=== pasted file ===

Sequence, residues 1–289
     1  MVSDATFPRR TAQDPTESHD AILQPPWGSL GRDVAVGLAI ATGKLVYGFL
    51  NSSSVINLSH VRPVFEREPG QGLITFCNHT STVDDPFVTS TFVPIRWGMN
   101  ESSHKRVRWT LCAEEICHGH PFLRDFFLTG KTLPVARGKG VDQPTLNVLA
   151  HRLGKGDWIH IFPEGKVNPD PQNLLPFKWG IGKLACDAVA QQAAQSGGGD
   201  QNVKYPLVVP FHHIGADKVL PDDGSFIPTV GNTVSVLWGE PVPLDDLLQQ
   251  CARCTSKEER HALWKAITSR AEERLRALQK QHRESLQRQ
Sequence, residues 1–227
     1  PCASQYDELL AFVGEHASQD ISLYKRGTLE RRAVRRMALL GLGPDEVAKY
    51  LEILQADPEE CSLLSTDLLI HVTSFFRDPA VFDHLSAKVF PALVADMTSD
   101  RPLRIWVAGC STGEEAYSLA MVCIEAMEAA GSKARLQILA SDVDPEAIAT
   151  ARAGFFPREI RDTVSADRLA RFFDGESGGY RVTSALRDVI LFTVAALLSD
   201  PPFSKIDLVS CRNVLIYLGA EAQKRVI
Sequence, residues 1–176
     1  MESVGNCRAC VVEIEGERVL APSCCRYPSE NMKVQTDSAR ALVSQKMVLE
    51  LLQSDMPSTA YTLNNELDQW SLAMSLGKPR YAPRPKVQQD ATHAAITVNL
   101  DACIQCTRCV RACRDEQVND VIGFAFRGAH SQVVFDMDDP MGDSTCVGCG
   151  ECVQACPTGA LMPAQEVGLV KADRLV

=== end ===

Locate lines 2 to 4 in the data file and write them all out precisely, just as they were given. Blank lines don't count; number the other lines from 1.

     1  MVSDATFPRR TAQDPTESHD AILQPPWGSL GRDVAVGLAI ATGKLVYGFL
    51  NSSSVINLSH VRPVFEREPG QGLITFCNHT STVDDPFVTS TFVPIRWGMN
   101  ESSHKRVRWT LCAEEICHGH PFLRDFFLTG KTLPVARGKG VDQPTLNVLA